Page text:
Phálanga (in the feminine) is the term used in Greece for bastinado, the practice of strapping a prisoner to a bed or a plank and, with shoes on or off, hitting the bottom of the feet until they swell and bleed and the flesh becomes pulp, so that the person cannot walk or even stand, sometimes for weeks. When it is done by an experienced torturer, the damage is not permanent, and, after the tortured has recovered, there are no detectable traces of it. In the hands of less experienced or careless torturers, however, the damage is often permanent and ranges from swollen feet to fractured or shattered tarsal bones.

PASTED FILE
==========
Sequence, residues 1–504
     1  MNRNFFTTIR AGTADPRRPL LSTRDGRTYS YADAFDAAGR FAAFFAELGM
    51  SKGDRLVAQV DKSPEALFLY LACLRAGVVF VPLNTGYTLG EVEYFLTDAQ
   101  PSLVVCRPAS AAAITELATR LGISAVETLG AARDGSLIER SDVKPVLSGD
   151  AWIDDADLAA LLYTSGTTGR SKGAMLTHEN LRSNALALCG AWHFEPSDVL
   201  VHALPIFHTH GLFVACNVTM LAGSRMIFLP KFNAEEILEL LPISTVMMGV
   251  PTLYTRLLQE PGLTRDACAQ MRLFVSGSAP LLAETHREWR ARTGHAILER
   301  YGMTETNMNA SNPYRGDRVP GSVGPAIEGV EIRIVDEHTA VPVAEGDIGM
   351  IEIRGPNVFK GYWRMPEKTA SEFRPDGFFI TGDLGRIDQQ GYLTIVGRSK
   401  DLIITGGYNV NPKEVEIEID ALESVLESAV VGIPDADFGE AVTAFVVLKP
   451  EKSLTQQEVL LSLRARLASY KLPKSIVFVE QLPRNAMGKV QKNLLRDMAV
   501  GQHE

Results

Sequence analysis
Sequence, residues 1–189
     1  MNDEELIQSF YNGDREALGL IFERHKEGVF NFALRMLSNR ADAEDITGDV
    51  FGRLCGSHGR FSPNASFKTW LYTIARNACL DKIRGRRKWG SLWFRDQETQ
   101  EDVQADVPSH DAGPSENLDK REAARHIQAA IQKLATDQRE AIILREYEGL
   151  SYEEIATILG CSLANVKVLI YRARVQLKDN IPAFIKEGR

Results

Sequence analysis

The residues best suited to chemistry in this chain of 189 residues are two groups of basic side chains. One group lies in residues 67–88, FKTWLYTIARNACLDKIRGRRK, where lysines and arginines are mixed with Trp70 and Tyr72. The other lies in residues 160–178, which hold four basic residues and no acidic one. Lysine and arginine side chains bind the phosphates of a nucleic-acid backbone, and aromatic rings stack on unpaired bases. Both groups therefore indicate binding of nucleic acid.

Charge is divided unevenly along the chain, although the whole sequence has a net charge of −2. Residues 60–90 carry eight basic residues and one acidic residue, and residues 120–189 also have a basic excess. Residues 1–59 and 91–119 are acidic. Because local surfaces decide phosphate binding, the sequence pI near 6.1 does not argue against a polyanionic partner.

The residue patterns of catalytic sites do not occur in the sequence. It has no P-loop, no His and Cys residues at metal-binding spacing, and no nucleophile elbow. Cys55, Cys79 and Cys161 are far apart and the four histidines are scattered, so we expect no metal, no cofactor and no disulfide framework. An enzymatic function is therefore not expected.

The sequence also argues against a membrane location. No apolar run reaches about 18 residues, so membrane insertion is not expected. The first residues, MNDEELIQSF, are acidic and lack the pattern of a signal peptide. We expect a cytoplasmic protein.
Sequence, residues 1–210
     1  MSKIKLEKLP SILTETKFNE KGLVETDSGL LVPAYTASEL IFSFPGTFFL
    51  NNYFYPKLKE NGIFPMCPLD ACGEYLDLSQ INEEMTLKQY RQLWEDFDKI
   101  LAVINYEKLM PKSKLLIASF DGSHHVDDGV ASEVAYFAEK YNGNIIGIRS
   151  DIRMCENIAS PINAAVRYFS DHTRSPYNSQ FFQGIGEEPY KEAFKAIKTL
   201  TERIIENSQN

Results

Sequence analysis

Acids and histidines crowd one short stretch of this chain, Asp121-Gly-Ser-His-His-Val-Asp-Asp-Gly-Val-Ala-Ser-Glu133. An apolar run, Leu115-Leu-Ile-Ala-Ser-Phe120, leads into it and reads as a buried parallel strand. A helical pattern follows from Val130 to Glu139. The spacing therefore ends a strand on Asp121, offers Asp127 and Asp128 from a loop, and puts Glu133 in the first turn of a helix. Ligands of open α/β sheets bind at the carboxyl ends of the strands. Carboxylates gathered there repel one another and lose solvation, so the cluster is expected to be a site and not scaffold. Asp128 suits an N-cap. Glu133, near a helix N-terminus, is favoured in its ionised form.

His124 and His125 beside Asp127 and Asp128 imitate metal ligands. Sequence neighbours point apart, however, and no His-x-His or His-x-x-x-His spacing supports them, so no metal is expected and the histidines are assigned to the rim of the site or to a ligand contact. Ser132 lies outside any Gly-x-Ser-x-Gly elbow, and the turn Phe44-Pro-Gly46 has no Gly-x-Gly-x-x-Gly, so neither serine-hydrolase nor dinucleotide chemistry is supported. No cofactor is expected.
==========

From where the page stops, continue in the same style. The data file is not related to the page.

The term originally referred to the wooden contraption that held feet during the beating, and, according to Greek historian Kyriakos Simopoulos, it comes from the Arabic falaq, through the Turkish falaqa. Simopoulos has traced the use of phalangas (in the masculine) to the Ottoman Empire, where it was used as early as the seventeenth century as a means of either punishment or extracting information and confession. The first mention of the torture is attributed to a scholar from the Morea (the Peloponnese), Christophoros Angelos, who was accused of espionage in Athens in 1607 and was subjected to phalangas. According to Simopoulos, Angelos described the torture in a book that he published ten years later in England. Angelos later became a professor of Greek at Trinity College, Cambridge. He used to show his scars from the phalangas there. When phalangas was administered as a punishment, it was given as a set number of strokes, and it required both an executioner and a colleague who would count them. The person being punished would then have to pay both the executioner and the counter.